Books are a uniquely portable magic.
For much of my career, I’ve developed software; seeking to automate processes and develop systems built on layers of abstractions. I consider myself good at programming; diving deep into the creative process of crafting software. Simultaneously reading and writing, all to deliver a technical solution for a problem.
I also am a frequent reader of books. As I said before, often 25 or more per year. I enjoy the occasional book about reading. While out on a lunchtime walk, I picked up “The Lost Art of Reading: Books and Resistance in a Troubled Time” by David L. Ulin.
Resistance? Reading? Books? Lost Art? Sign me up.
Sometime in the last few years—I don’t remember when, exactly—I noticed I was having trouble sitting down to read. That’s a problem if you read, as I do, for a living, but it’s an even bigger problem if you read as a way of life.
I had previously stumbled upon the above excerpt, though I couldn’t tell you where. Both then and this weekend, while reading David L. Ulin’s book, I heard the warning klaxon: A reminder of what I knew, a call to action, and a mandate to be vigilant.
Why does reading matter? Because language and narrative are what we have. Without them, we are just scared mammals reacting to the world around us, devoid of agency, of thought, betraying the necessary (and, yes, frightful) inheritance of our own conciousness.
David L. Ulin’s meditation on the potency and vitality of books interweaves personal anecdotes and synthesis his readings. Though isn’t what we read a personal anecdote? Our attention seeking ever-connected world pulls at these fraying threads. We collectively obliterate our quiet spaces. Reading helps us map our own psyche to excavate our inner world.
As we race ever onward, chasing the cult of productivity and efficiency, we must pause. Seek rest. A sprinter cannot keep sprinting. Our minds require time. The faster the world moves by, the blurrier our understanding. To never stop is to surrender a part of your humanity.
This is what literature, at its best and most unrelenting, offers: a slicing through of all the noise and the ephemera, a cutting to the chase. There is something thrilling about it, this unburdening, the idea of getting at a truth so profound that, for a moment anyway, we become transcendent in the fullest sense.
David L. Ulin builds the case that reading is an intimate communion of two minds: the reader and the author. It “allows us, however fleetingly, to inhabit, literally, his or her eyes.” Much like meditation, we need silence (of a kind) to enter into that communion state. We need an ever more elusive silence, as we have collectively accepted the noise of mobile device alerts promising to keep us up to date. But up to date with what? An outer world shuddering in late stage capitalism?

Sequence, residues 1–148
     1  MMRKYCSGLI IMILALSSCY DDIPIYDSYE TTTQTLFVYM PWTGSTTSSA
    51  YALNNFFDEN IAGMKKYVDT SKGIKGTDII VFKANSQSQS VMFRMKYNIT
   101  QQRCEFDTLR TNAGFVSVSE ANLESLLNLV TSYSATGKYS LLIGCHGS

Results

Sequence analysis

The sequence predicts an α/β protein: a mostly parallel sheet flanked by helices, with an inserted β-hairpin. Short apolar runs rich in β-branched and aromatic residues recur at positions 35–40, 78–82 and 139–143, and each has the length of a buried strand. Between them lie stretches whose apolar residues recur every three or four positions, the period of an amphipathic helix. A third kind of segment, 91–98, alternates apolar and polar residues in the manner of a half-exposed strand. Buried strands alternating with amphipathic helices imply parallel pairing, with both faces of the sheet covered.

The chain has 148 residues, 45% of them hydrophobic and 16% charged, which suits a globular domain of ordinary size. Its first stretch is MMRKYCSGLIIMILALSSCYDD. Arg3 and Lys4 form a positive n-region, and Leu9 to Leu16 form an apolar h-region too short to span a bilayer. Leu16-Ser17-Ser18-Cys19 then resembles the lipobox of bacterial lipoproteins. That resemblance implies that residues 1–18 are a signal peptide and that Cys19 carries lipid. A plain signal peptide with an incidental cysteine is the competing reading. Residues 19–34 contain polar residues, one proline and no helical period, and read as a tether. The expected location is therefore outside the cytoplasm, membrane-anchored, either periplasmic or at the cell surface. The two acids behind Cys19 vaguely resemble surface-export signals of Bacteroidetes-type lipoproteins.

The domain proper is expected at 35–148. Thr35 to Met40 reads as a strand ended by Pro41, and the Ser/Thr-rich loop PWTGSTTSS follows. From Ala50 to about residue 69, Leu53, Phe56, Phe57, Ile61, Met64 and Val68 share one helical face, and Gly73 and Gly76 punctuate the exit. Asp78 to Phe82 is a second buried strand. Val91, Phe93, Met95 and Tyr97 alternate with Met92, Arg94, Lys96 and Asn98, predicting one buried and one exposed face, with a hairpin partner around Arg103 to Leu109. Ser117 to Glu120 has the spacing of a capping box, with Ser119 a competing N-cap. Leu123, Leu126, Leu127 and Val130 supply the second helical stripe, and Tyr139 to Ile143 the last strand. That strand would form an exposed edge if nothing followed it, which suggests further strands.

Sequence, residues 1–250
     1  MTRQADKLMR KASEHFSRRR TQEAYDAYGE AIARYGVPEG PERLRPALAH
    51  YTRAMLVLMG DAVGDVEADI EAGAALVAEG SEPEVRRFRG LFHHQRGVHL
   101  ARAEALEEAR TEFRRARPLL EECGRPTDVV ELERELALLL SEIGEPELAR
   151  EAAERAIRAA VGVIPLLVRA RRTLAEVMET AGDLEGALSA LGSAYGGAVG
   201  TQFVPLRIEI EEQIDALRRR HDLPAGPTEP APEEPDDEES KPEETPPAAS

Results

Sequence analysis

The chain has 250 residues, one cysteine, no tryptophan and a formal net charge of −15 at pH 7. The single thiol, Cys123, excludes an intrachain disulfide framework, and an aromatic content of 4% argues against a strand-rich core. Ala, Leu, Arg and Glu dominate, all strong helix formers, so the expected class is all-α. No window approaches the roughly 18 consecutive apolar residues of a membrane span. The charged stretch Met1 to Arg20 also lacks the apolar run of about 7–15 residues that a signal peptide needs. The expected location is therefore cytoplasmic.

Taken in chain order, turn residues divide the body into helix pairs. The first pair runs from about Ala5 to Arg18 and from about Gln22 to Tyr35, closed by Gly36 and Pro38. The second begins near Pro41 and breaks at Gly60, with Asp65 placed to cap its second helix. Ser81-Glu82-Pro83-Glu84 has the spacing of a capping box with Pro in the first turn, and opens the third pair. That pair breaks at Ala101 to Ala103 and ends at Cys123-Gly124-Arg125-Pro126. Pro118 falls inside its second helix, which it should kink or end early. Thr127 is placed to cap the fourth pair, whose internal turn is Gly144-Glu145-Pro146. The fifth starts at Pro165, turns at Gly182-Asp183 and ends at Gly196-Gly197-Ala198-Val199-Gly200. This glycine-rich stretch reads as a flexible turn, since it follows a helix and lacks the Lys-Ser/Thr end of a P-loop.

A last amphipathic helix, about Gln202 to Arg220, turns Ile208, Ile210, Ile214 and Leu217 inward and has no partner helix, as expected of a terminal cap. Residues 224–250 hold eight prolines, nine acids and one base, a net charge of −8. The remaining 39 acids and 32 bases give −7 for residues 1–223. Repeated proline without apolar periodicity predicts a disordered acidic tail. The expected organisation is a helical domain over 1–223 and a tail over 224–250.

To read, we need a certain kind of silence, an ability to filter out the noise. That seems increasingly elusive in our overnetworked society, where every buzz and rumor is instantly blogged and tweeted, and it is not contemplation we desire but an odd sort of distraction, distraction masquerading as being in the know. In such a lanscape, knowledge can’t help but fall prey to illusion, albeit an illusion that is deeply seductive, with its promise that speed can lead us to illumination that it is more important to react than to think deeply, that something must be attached to every bit of time. Here, we have my reading problem in a nutshell, for books insist we take the opposite position, that we immerse, slow down.
Personally, I used books as a kind of fortress of solitude. A place where I can retreat and replenish myself. The process of translating symbols (letters, words, sentences, and paragraphs) into narrative and meaning echoes the process of folding metal on the forge.
Chasing distractions, and entering into a reactive state, threatens my personal ability to go where I want, and need, to go. Look at the above page citations, I’ve only made it to page 35 of a short 156-page book. I could write more, but I want to leave you with two quotes, one from George Orwell and another from David L. Ulin.
Who controls the past controls the future. Who controls the present controls the past.
Memory is really the story left behind by forgetting—the essence that remains when the years have stripped away all that useless particularity.
If you have no past, you have no control of your future. Take time to find those quiet spaces that allow you to build your memory, to develop your inner world. It will be your bastion of strength for the challenges ahead of you.